fbpx Skip to main content
Client Stories

Ukrainian Student On Life in Minnesota

Ukrainian Arrival Adjusts to Life in Minnesota

As Ukrainians fled the Russian invasion of 2022, many found themselves beginning again in Minnesota. Among those is Svitlana, a student of the Institute’s first Entrepreneurship class. As the second year of the war in Ukraine approached, Svitlana shared about how she’s coping, how she’s embracing life in the Twin Cities, and how she’s contributing her skills and talents to her new community.

When Svitlana First Arrived

When she arrived in Minnesota, Svitlana tried to fully embrace America and not think about Ukraine or all that she left behind — including her family — because it was too painful. She told herself, “It’s okay, it’s a challenge. I’m starting from scratch — my new life. Let’s go, girl. But no. It doesn’t work like that.”

“Just imagine, you had your life, your whole life your friends, the acquaintances, the people, the culture, the movies, books — everything. You had your own home, apartment, car, and now, it’s disappeared,” Svitlana said.

“You don’t have to suffer by yourself, alone. You can share with someone. People will help you,”

Living a New Life

 One of the ways she and her husband have coped with their displacement and the ongoing war in Ukraine is by signing up for classes at the International Institute of Minnesota.

Both marketing professionals, they have completed the Institute’s College Readiness Academy and Professional Leadership Training. Now they’re part of the Institute’s new Entrepreneurship Class, where they’re focusing on growing their marketing business.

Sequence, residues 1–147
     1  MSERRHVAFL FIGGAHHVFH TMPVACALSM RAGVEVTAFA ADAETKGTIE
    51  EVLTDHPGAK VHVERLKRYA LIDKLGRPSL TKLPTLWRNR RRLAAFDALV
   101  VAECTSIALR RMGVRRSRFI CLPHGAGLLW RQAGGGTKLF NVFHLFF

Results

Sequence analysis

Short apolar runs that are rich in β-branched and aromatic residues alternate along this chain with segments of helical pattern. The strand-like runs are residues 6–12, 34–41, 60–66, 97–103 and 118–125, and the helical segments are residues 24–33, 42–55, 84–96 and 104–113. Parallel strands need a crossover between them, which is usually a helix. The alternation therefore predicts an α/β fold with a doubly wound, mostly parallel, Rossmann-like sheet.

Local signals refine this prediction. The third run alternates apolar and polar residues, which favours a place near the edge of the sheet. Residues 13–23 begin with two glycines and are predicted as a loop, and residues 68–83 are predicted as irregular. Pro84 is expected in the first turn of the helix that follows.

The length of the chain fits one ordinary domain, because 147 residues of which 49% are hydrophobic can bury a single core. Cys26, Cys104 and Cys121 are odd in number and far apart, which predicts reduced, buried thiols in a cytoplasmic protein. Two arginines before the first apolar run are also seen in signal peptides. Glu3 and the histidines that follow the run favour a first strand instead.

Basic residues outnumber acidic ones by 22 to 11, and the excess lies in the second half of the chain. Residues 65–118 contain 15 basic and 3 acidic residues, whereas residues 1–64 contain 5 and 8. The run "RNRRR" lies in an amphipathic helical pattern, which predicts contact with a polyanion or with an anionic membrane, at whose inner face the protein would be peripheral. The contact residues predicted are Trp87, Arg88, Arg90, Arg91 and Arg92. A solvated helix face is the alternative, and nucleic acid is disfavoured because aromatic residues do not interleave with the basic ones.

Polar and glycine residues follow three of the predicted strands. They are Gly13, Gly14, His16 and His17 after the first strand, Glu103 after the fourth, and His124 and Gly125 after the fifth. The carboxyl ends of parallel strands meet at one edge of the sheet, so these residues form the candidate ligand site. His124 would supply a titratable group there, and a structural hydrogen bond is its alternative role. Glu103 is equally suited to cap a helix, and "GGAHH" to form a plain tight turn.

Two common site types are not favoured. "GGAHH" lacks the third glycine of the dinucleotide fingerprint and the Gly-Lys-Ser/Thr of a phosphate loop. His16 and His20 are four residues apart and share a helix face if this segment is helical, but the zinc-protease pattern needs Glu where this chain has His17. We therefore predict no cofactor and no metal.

“It was a great class because this class gave me the full understanding of what the American workspace is about,” Svitlana said about the Professional Leadership Training. She added that the valuable skills she learned included what to expect when interviewing for a job, about workplace emotional intelligence, and how to build relationships.

Svitlana and her husband now have four marketing clients — a job she loves because it helps other businesses find success.

Making Connections and Looking Ahead

Another perk of coming to the Institute regularly, Svitlana said, it how helpful it has been to meet other Ukrainians displaced by the war.

“You don’t have to suffer by yourself, alone. You can share with someone. People will help you,” she said. “This is most valuable thing to understand, that you are not alone.”

She no longer pushes forward without thinking about her old life in Ukraine, the way that she did when she first arrived. Now, Svitlana realizes, “You can’t forget yourself. You just have to combine all the things.”

She began reminding herself, “You are a Ukrainian girl. You have all your culture and history. Figure out how to combine it with American life. This is what I’m doing now. I’m trying to open my heart.”

Interview by Zinzile Sibanda. Written by Alisa Blackwood, Communications Manager at the International Institute of Minnesota. Alisa’s work at the Institute comes after years of writing for publications and organizations such as The Associated Press, O, The Oprah Magazine, TravelandLeisure.com, Health and more. She hopes her writing about Institute clients, students and staff bring to life the stories behind the news headlines.